Event remembers gay Holocaust victims

Andrew Donohue

The Queer Student Cultural Center passed out black stickers with a pink triangle Wednesday to remember forgotten victims of the Nazi concentration camps.
The effort, a collaboration between Spring Pride 1998 and Holocaust Remembrance Day, was highlighted by a presentation and discussion on homosexual treatment in Nazi Germany at the cultural center in Coffman Union.
Sarah Coleman, a senior majoring in sexuality, gender and queer studies, used her four years of research on the treatment and status of lesbians and gay men in concentration camps and Nazi Germany to spur an open discussion.
Although no documentation was kept, Coleman said between 55,000 and 220,000 gay men were murdered in the concentration camps of World War II. She cited statistics from her research that estimated 7 percent to 8 percent of the German male population of the time was gay.
During Nazi rule, homosexuality was illegal, punishable by imprisonment in a concentration camp.
“It didn’t have to be proven,” said Maryse Curie, a senior majoring in women’s studies. “One could be criminalized and jailed for rumored homosexual feelings or tendencies.”
The symbol of the pink triangle originated in the Nazi camps. Gay men were forced to wear pink triangle patches all over their clothing, so they could be identified from any angle.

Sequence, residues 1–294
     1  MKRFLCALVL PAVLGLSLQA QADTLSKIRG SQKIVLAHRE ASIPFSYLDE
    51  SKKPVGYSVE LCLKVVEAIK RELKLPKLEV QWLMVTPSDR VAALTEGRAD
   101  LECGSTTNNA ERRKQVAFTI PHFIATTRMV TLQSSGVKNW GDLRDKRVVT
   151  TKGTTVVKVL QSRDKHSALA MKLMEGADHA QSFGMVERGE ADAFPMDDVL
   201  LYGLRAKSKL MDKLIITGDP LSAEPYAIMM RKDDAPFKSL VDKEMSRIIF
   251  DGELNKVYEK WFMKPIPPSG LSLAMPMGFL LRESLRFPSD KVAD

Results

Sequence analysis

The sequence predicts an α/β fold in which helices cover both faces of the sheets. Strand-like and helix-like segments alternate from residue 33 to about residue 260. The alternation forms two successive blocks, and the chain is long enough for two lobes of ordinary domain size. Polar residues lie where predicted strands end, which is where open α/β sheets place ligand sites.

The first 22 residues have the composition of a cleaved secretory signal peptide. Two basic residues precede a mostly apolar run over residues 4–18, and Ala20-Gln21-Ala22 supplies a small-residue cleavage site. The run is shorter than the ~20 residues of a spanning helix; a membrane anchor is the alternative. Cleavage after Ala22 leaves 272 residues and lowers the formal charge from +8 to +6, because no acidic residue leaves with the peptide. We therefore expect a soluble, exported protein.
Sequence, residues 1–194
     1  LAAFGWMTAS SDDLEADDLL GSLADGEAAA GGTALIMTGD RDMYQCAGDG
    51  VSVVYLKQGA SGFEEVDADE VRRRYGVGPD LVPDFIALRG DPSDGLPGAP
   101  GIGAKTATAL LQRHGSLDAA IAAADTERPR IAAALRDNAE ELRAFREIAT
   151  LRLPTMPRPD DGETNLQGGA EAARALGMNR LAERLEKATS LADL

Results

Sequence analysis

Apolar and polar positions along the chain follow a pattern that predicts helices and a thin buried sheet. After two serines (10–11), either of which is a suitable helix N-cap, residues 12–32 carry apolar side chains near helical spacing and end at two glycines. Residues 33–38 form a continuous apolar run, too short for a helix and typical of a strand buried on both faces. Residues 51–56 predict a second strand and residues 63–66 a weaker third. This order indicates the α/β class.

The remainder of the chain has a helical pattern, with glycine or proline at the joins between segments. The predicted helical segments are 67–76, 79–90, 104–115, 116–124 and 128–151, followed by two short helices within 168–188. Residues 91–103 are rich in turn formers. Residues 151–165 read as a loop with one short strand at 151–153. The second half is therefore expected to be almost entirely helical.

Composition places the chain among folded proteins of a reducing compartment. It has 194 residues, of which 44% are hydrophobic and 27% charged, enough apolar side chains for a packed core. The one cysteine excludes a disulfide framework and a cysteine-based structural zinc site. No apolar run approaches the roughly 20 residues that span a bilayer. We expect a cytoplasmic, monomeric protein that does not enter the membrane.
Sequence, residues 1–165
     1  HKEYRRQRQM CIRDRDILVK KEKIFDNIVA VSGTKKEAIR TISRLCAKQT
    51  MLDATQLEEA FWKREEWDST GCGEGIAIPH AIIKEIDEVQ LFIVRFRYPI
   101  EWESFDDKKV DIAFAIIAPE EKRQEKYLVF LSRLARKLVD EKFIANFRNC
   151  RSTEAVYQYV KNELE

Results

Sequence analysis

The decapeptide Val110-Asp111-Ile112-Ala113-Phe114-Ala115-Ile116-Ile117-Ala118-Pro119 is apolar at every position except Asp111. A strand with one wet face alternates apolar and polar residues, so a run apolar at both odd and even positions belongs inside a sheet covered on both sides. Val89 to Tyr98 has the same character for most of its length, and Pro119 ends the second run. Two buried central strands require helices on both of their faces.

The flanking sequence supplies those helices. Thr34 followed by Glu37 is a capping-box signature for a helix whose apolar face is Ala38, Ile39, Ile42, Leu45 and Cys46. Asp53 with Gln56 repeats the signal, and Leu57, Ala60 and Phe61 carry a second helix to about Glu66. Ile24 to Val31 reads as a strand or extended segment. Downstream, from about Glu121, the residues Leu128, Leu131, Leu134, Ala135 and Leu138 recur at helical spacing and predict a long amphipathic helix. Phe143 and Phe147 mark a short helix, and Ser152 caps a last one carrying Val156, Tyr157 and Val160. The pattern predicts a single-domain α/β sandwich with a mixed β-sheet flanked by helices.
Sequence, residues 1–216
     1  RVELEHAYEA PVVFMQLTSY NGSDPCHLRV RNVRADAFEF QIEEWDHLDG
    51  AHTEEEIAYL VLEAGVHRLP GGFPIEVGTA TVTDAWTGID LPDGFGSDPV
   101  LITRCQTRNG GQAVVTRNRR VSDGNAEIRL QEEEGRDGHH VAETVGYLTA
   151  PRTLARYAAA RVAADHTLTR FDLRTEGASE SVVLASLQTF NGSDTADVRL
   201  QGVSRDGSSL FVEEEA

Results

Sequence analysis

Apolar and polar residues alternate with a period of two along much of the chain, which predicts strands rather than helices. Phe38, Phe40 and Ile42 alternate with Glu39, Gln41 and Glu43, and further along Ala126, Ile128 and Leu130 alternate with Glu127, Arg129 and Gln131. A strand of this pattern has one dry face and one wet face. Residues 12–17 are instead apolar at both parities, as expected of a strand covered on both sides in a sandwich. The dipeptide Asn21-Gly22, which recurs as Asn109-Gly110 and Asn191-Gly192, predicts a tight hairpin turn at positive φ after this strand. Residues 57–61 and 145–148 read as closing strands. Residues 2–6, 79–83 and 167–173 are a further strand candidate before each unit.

Upon entering the camps, gay men were placed in Level Three, which death camp leader Heinrich Himmler described as “human death mills.” This level was reserved only for Jewish and gay prisoners, Coleman said.
Under German law, lesbianism was not illegal, but was not accepted. Some were spared from imprisonment because they were thought suitable for the reproduction of the Aryan race, Coleman said.
Many other lesbians were jailed under the title of “political prisoner.”
Coleman said one overwhelming Nazi goal was to “cure” the lesbians and gay men.
“Nazis believed most homosexuals had been seduced and then could be cured,” Coleman said.
Spring Pride 1998, which began April 20 and runs through May 2, was extended by the cultural center to a two-week celebration this year.
“We had so much packed in one week, we decided to have two weeks. It has allowed us to add more events and to be less hectic,” said Megan Thomas, administrative coordinator for the center. “It is a chance to show that the students are proud of who they are.”